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Tuesday, 5 December 2017
History is What Survives: A Fact about Postal History
History is what survives, and what survives is not always the common or the typical. Collectors of postal history depend mostly on archives which, for one reason or another, have escaped the bonfire, the flood, the bombing raid, the mission to search and destroy, human carelessness, and much more.
For many years, I have collected – accumulated, really – material from Podolia / Podilia in west Ukraine. It is an agriculturally rich region and has been much fought over. In the 1930s and 1940s, Stalin’s collectivisation campaign there turned into mass starvation and German occupation turned into mass liquidation. One result is that though the region historically had a large Jewish population, part of it scattered across scores or hundreds of shtetls which dotted old maps and another part established in the larger towns, very little evidence of this Jewish presence now turns up in the postal history available. It is rare to see postcards with text in Hebrew or Yiddish and also rare to see envelopes addressed in a Cyrillic script with the distinctive style of someone who learnt first to write in Hebrew script.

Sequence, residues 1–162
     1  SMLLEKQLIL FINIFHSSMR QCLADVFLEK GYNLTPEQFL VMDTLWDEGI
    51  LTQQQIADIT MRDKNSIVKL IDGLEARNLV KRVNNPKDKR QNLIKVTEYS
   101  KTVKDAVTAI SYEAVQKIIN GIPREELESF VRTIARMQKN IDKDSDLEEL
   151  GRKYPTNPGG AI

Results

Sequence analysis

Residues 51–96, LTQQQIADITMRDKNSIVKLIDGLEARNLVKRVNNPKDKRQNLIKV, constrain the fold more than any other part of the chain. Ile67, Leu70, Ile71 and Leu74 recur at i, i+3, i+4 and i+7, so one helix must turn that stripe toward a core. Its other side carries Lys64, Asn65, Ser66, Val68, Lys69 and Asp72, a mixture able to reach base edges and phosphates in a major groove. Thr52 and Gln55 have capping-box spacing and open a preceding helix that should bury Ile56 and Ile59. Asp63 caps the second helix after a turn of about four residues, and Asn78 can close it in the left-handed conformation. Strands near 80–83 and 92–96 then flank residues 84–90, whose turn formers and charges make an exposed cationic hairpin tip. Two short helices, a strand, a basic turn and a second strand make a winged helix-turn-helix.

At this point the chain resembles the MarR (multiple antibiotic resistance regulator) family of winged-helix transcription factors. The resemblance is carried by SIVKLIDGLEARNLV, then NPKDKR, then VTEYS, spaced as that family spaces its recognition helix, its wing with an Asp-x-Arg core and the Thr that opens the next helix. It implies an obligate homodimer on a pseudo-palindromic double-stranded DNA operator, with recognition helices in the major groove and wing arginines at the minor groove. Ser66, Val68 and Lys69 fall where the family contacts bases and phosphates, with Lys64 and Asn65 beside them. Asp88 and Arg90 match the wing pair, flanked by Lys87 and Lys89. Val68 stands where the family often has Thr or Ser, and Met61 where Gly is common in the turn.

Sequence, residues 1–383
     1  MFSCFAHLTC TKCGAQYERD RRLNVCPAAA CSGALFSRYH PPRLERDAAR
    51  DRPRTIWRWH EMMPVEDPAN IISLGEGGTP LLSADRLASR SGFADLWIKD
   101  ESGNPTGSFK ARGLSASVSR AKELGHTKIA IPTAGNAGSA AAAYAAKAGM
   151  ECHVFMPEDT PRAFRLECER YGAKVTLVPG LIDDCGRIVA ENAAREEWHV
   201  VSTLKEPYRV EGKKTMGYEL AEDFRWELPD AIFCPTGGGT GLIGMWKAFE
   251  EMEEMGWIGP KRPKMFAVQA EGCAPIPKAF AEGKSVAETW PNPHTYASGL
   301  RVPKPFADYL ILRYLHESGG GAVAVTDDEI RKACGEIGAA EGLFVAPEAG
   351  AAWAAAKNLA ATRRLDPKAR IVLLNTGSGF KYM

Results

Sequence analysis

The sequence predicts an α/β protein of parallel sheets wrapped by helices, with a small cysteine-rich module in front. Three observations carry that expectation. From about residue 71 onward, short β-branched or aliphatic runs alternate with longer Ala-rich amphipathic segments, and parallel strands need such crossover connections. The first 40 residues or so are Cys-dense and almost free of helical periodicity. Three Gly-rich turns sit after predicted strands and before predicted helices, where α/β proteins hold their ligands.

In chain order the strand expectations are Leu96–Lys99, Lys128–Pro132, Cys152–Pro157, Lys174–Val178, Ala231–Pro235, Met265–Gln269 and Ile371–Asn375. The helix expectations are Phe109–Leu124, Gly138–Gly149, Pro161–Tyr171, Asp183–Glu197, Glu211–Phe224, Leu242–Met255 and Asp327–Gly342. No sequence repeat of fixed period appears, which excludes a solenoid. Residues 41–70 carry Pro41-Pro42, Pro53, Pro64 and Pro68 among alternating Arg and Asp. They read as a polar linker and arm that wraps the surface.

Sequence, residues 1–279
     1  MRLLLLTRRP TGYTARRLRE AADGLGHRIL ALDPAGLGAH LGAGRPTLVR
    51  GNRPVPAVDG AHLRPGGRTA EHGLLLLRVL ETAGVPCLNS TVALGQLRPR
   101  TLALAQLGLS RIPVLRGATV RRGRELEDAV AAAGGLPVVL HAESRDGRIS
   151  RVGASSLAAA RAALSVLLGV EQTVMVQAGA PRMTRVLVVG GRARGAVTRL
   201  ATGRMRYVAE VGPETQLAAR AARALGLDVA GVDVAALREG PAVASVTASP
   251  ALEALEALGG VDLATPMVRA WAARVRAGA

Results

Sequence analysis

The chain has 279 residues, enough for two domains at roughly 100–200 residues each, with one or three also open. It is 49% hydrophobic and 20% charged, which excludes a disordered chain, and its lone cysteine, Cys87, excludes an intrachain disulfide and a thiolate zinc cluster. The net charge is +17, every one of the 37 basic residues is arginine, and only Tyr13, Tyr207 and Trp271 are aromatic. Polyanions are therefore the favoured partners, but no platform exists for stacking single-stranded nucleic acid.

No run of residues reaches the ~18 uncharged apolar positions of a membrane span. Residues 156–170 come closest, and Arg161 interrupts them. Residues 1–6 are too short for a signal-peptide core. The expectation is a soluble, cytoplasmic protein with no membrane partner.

The letter below is interesting for several reasons. First, it is going from Kamenetz / Kamyanets Podolsk across the border into Romania, to Iasi / Yassy; there is a routing instruction for it go via Novoselitz[ia]. Second, it has a quite scarce pre-philatelic double-ring cancel of Cyrillic KAMENETZ PODOLSK dated 1858. Third, inside there is a long business letter from a business which uses an embossed handstamp in German, near the postmark, and reading SALOMON RABINOWITZ / KAMENETZ PODOLSK / RUSSLAND. The letter is written in German, double-dated for Julian and Gregorian calendars, and in a script which suggests the writer had his education in a German-directed school. This is a script which defeats me ...But it is signed at the bottom by M.Feldstein on behalf of (pp) Salomon Rabinowicz [now with a Polish spelling at the end – cz instead of the –TZ of the seal]. The script is that of someone who is not at ease in Roman letters, and I guess was more at home writing in Russian or in Hebrew/Yiddish. But either way this is a letter from a Jewish business in Kamenetz. I cannot read the first part of the addressee’s name which has J. as a middle letter and Wechsler as a Jewish surname which seems to have been common in Iasi.
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